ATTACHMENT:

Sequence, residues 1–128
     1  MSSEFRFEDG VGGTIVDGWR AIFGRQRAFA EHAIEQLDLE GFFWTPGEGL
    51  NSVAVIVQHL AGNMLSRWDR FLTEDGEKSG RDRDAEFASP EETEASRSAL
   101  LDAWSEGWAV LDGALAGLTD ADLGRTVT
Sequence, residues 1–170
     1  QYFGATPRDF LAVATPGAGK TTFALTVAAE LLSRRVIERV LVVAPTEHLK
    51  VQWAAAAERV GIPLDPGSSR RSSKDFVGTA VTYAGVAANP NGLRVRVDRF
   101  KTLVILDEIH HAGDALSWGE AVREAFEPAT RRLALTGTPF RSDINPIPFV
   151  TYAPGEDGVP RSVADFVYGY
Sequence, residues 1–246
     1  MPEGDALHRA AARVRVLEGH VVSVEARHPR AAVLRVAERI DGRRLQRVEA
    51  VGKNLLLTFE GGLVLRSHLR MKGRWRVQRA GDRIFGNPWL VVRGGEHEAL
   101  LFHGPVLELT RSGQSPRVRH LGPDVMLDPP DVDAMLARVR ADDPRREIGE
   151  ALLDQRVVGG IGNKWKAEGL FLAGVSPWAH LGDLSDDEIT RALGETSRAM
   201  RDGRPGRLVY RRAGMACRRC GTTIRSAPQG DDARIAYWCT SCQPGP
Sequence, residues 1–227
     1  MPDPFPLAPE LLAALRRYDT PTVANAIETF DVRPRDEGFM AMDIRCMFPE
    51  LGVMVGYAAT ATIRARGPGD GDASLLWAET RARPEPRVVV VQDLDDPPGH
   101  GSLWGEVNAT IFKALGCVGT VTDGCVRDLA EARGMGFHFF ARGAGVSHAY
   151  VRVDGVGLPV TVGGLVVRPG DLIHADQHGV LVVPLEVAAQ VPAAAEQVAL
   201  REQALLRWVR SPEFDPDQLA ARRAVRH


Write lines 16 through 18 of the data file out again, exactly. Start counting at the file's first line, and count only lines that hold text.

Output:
Sequence, residues 1–227
     1  MPDPFPLAPE LLAALRRYDT PTVANAIETF DVRPRDEGFM AMDIRCMFPE
    51  LGVMVGYAAT ATIRARGPGD GDASLLWAET RARPEPRVVV VQDLDDPPGH